Thursday 25 April 2019

Boxing: Dunne insists Cordoba 'ain't seen nothing yet' as he lands 'dream' shot at title

Bernard O'Neill

FORMER European super bantamweight champ Bernard Dunne reckons that Panamanian southpaw Ricardo 'El Maestrito' Cordoba has never experienced the type of atmosphere he's about to walk into in Dublin.

Dunne's management team have pulled off an enormous coup with the announcement that Cordoba, the current WBA World super bantamweight champion, will put his title on the line against Dunne at the O2 arena on March 21.

The upcoming clash grants Dunne the chance to realise a lifetime ambition -- and also gives the Dubliner the opportunity to become the second Irishman since Barry McGuigan to adorn his waist with a WBA belt.

Dunne said: "This is the fight I've wanted since I first put on a pair of boxing gloves. It's every boxer's dream to be a world champion and I'm no different. This is what I've worked my whole life for and now that the chance is here I want to grab it with both hands.

"It's going to be an incredible experience and I know I'll thrive on that atmosphere. Cordoba's fought all around the world, but he won't ever have experienced anything like the atmosphere in the O2."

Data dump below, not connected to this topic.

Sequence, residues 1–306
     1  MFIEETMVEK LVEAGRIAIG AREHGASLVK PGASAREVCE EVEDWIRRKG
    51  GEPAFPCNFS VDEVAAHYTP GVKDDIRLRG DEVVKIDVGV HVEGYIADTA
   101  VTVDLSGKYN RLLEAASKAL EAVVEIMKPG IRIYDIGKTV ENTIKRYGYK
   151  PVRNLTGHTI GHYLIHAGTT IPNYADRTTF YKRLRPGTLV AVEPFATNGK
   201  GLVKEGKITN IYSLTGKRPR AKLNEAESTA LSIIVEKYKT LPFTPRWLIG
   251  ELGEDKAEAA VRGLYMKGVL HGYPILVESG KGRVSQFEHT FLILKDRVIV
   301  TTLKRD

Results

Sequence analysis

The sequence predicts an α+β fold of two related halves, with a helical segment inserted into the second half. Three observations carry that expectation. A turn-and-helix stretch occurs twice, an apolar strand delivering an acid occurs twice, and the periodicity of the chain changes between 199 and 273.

Cordoba, who at 24 is four years Dunne's junior, will arrive in Dublin with a highly impressive CV. Since turning pro at 16, he has won 34 of his 37 fights (21 KOs, two draws, one loss).

One of those wins was against the current unified WBA and IBF super bantamweight champ Celestino Cabellero in Panama City in 2004. Cordoba captured the WBA interim belt after earning a unanimous decision over Luis Perez last September.

Looking ahead to the fight, the Panamanian puncher said that he intends no disrespect when he says that he doesn't want to set eyes on Dunne until they step in the ring.

"I know his name and record and I'm told he's a good technical boxer and that's all I need to know for now," he said. "I don't even watch videos of my opponents. It's not a sign of disrespect, I just prefer to assess them when the bell goes for the first round.

"I am treating this as the biggest fight of my career. I only won the World title in September and this is my first defence so there is no way that I am taking this fight lightly."

The five-times Panamanian champion also has no worries about fighting in hostile atmospheres and insists he will be targeting a KO at the O2.

He added: "I'm a World champion now, so what's the point in staying at home defending my title? A true World champ defends his title all over the world. I've had some bad decisions before in Thailand and Germany, but I'm confident that I will retain my title either by knockout or a clear points win."

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